Organized autonomously within the JCC by the Cinématheque Tunisienne, under the management of the CNCI, the centenary celebration will include screenings of restored films, possible tributes to filmmakers, producers, technicians, distributors, actors and actresses past and present, filmed newsreels about film shoots in Tunisia, and film activity, including the history of the JCC itself, photo exhibitions and rare items, among others: The aim is to take stock of the progress made by Tunisian cinema, which is still considered by international critics, thanks to its directors and cinema entrepreneurs, to be one of the most innovative, daring and original among the cinemas of its region, until 2023, the new year of confirmation and recognition of Tunisian cinema on an international scale.
2- A demanding return to the "Essential" values of the Festival: the defense and promotion of artistic cinema from Africa and the Arab world.
Directed by Tunisian film professionals, still organized by the Ministry of Cultural Affairs and managed by the Centre National du Cinéma et de l'image CNCI, the JCC's priority, thirteen years after the death of its founder, Tahar Cheriaa, remains the presentation to the public of the best recent African and Arab films, for which the festival's official competitions are reserved, giving priority, not to commercial films of escapism and entertainment, aimed above all at financial gain, but in keeping with the festival's long-standing policy, to films expressing the realities and cultures of their countries, seen from the artistic point of view of a director, whatever the genre to which these films belong: Fiction, documentary, docu-fiction, etc. This promotion also extends, in a specific Cine Promesse section, to the films of cinema students, who are also bearers of artistic future, for our cinematographies, through present and future technologies...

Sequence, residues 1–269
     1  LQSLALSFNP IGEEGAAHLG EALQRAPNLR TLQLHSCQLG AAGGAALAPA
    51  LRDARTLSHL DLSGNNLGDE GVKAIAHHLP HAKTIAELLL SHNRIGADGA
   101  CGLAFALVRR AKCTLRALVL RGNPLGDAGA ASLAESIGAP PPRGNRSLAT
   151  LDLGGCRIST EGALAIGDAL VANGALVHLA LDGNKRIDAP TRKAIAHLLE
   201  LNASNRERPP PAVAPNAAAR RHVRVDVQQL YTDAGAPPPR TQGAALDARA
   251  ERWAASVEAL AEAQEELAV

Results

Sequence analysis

3- A reinforcement of its "Carthage Pro" professional platform, offering a space for discovery, meeting and exchange between professionals interested in African and Arab cinemas.
Chabaka (support for projects in development), Takmil (support for projects in post- production) and Meet the Talents (pitch preparation and presentation of first feature film projects) workshops provide an opportunity to discover a selection of the most authentic and innovative film projects from the African continent and the Arab countries.